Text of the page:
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Correspondence to: A.E. Khoury, MD, Walter R. Schmid Professor of Pediatric Urology, Professor, Department of Urology, Division Chief, Pediatric Urology, Children's Hospital of Orange County and UC Irvine Health, 505 S. Main Street, Ste 100, Orange, CA 92868, USA, Tel.: +714 509 3914; Fax.: +714 509 3915
Patients with spina bifida are at risk for developing bladder and renal deterioration secondary to increased bladder storage pressures.
To determine the association of home bladder volume and pressure measurements (home manometry) to: 1) detrusor storage pressures on urodynamics (UDS); and 2) the presence of Society of Fetal Urology (SFU) grades 3–4 hydronephrosis on renal bladder ultrasound in patients with spina bifida.
Data were prospectively collected on patients with spina bifida and neurogenic bladder requiring clean intermittent catheterization. Patients used a ruler and typical catheterization equipment to measure bladder pressures and volumes at home. Home measurements were compared to UDS detrusor pressures and SFU hydronephrosis grade. Detrusor pressure <20 cm H2O at 50% maximal cystometric capacity (MCC) on UDS was used as a measure of safe storage pressures on UDS; conversely, detrusor pressure >20 cm H2O was used a measure to capture both unsafe storage pressures and those with potential for unsafe storage pressures. Receiver-operator characteristic curves and area under curve (AUC) were calculated to depict the association between home manometry variables with detrusor pressures on UDS and SFU grades 3–4 hydronephrosis.
Included were 52 patients with a median age of 10.3 years (interquartile range 6.3–14.4 years). Three home manometry measurements (maximum bladder pressure, bladder pressure at maximum catheterized volume, and mean bladder pressure) > 20 cm H2O were sensitive for Pdet >20 cm H2O at 50% MCC. Maximal bladder pressure >20 cm H2O was the most sensitive among home manometry measures (sensitivity 100%, specificity 70%, AUC 0.92 for Pdet >20 cm H2O at 50% MCC on UDS; sensitivity 100%, specificity 62%, AUC 0.89 for SFU grade 3–4 hydronephrosis). None of the patients who had maximum home bladder pressure <20 cm H2O had SFU grades 3–4 hydronephrosis; conversely, individuals with maximal home bladder pressure >20 cm had a wide range of hydronephrosis grades.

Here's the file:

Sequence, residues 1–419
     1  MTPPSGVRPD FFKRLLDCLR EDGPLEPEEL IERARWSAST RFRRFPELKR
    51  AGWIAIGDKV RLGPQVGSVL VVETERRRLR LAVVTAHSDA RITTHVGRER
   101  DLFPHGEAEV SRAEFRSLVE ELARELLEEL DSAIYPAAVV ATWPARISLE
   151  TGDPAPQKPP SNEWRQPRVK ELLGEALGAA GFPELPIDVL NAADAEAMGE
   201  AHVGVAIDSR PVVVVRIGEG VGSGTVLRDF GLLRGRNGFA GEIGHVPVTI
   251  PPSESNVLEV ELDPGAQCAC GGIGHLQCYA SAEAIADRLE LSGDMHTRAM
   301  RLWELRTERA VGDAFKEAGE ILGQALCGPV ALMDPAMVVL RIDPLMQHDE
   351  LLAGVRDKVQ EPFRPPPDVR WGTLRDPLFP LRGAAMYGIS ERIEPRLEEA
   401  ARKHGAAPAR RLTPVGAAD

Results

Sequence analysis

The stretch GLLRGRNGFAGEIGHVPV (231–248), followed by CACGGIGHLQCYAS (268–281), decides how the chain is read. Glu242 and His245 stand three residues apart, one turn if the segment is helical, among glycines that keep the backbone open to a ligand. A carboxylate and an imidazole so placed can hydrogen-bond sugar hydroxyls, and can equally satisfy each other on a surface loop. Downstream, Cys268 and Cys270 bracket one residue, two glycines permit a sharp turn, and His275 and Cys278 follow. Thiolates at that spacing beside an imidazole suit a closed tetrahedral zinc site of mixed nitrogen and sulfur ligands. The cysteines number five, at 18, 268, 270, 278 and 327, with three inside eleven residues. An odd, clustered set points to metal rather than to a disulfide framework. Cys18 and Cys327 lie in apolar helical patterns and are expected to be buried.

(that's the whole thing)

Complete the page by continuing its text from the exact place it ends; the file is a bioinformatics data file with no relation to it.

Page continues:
]. One of the main objectives of urological management is to monitor bladder function and prevent upper tract damage. This is typically accomplished with serial ultrasounds, voiding cystourethrograms and urodynamic studies (UDS) [
]. Furthermore, voiding cystourethrograms and UDS may only be available at certain facilities, which can be a geographic limitation for patients who live far from specialty centers.
We have published previously on home manometry, which allows patients and their families to record bladder pressure and volume at home. We demonstrated that elevated home bladder pressures correlated with elevated detrusor pressures on UDS [
]. However, the cohort was small, and was intended as a feasibility study.
For this study, we had two aims. First, to confirm the association between home manometry measurements and detrusor storage pressures on UDS. We used a separate cohort of patients from our previous study. Second, to examine the association between home manometry measurements and the presence of Society of Fetal Urology (SFU) grades 3–4 hydronephrosis on renal bladder ultrasound (RBUS). We hypothesized that elevated home bladder pressures would correlate with elevated detrusor pressures on UDS, and that elevated home bladder pressures would correlate with the presence of grade 3–4 hydronephrosis on RBUS.
Materials and methods
Patients with neurogenic bladder secondary to SB who perform clean intermittent catheterization (CIC), who had both RBUS and home manometry data obtained within a three-month period, were identified in a prospectively maintained database between May 2010 and May 2019. Demographic and clinical data were collected and managed using REdCap (Research Electronic Data Capture, Vanderbilt University, Nashville, TN) [
]. Patients with primary or secondary grade IV and V vesicoureteral reflux, or neurogenic bladder not secondary to SB were excluded. This study was approved by the Institutional Review Board (IRB# 180209).
Patient caregivers were instructed by experienced nurses on how to perform home manometry, with verification of understanding demonstrated through verbal teach-back and caregiver-patient demonstration of technique (Fig. 1). With the patient in a relaxed supine position, the caregiver inserts the catheter into the bladder and holds the catheter upwards, perpendicular to the body. A ruler is aligned where zero is level with the penoscrotal junction (in males), the urethral meatus (in females), or the anterior abdominal wall (in patients who catheterize through a continent catheterizable channel). The height of the urine column in the catheter is measured and recorded (Fig. 1). The bladder is then emptied via the catheter, and the volume of urine is measured and recorded.